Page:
Now let me turn to the employment problems. The Government is monitoring the labour market every week. Reports show that on the whole, the situation is under control, but there are some alarming signals. They are primarily coming from the regions where companies have been hit the hardest by the decline in industrial production, and where jobs largely depend on so-called strategic enterprises.
Since the start of October, more than 7,500 companies have announced their intention to reduce personnel. Some 207,000 workers are already working a shorter week or have been forced to go on vacation. I would like to emphasize that this means smaller wages and salaries.
To support people who are facing problems with jobs, we have raised the maximum unemployment benefits to 4,900 roubles per month and provided for a number of measures to help families who find it difficult to meet mortgage payments. I will also add that people who have lost jobs or had their wages considerably reduced because of layoffs will be allowed to delay interest payments on mortgages or the principal debt if the time has come to pay off loans.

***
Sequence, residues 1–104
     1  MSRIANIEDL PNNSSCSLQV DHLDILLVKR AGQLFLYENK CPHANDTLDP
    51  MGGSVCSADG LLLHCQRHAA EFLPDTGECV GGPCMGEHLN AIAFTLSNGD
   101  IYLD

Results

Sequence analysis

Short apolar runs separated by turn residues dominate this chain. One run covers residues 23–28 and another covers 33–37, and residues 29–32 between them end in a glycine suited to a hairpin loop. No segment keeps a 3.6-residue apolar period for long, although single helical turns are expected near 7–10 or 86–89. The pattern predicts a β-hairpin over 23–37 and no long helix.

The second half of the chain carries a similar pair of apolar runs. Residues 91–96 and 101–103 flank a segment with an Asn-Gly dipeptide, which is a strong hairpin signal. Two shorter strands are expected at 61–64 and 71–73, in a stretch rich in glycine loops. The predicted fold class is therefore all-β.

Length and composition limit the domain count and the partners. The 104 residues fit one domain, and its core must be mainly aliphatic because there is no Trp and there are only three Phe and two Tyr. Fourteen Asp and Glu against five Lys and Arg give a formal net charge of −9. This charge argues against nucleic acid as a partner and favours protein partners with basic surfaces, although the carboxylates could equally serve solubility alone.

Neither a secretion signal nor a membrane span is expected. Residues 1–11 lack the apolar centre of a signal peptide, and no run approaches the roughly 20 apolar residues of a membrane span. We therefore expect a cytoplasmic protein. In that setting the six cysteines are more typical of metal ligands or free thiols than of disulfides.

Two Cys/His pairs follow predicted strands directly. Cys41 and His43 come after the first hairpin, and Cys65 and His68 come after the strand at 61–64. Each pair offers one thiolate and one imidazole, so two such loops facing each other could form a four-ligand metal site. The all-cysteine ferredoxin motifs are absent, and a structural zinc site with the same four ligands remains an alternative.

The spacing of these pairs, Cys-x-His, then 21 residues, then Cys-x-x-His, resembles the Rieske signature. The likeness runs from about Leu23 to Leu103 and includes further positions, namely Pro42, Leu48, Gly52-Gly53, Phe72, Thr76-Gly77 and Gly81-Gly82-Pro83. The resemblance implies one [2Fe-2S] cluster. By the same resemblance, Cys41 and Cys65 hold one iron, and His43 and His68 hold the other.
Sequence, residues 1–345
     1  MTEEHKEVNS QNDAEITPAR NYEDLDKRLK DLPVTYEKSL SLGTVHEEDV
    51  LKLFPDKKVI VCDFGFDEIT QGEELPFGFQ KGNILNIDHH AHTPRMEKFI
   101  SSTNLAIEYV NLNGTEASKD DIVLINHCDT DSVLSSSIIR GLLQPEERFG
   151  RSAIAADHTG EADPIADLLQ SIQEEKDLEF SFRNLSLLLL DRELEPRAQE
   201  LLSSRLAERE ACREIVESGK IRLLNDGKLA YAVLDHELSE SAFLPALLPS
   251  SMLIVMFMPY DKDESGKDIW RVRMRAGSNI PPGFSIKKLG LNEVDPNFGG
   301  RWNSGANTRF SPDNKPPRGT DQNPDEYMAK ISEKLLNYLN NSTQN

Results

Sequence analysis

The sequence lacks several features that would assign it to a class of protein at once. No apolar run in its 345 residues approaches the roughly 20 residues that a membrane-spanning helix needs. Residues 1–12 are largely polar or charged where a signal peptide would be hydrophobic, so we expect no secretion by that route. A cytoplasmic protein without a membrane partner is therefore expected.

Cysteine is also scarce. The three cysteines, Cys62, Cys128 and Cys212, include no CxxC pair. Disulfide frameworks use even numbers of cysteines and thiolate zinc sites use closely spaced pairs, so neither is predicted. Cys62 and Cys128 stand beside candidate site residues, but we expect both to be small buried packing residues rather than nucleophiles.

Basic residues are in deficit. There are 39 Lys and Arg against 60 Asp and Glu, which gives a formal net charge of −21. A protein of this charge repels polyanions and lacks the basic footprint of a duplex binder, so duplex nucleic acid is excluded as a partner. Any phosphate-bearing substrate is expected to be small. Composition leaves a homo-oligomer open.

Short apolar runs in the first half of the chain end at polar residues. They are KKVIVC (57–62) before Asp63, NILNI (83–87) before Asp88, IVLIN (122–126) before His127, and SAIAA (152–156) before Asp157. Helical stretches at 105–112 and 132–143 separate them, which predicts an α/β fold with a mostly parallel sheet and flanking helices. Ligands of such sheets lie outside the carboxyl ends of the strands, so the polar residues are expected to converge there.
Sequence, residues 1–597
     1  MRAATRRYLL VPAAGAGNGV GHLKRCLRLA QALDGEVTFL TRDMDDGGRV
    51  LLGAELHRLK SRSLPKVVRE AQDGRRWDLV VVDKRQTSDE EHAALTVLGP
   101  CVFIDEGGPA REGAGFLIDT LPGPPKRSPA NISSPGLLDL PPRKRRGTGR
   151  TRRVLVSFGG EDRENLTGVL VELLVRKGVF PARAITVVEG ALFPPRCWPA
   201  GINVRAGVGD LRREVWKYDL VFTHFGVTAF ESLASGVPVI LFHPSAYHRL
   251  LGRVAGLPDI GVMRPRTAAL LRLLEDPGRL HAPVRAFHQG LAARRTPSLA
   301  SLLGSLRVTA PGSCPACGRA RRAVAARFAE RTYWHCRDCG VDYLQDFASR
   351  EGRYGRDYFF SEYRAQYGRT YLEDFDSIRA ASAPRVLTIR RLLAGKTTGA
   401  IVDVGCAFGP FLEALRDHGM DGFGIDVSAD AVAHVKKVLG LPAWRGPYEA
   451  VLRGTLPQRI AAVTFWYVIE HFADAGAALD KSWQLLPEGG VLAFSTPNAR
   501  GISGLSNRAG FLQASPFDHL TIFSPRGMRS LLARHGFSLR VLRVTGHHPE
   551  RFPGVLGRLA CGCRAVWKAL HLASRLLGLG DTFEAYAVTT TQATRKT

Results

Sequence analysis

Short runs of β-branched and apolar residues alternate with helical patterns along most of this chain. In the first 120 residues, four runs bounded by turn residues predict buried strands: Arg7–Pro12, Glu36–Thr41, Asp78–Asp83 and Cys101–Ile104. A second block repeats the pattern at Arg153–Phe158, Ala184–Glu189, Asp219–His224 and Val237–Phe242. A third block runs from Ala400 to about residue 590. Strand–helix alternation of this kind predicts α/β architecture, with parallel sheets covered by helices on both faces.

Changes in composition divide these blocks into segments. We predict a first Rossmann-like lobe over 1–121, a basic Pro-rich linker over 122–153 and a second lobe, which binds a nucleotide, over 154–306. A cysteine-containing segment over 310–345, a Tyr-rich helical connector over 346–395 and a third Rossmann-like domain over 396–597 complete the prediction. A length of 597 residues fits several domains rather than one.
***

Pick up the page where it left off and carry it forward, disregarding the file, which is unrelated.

Moreover, an additional 50 billion roubles have been reserved in next year's budget to conduct active policy in the labor market. All these funds will be transferred to the regions through the channels that you are already familiar with, but they are designed to fund concrete programmes to create jobs and organise public works. These programmes should be drafted with the active participation of local authorities by February 1 of next year. Time is short, but it goes without saying that this deadline should not be met at the expense of quality.
No one benefits from cliched programmes with general wishes, even less so in the current environment. You are fully aware of this. Let me repeat that considerable federal funds have been allocated to deal with unemployment at the local level, and they should do the job. They should reach their destination and start working, and people should feel the change.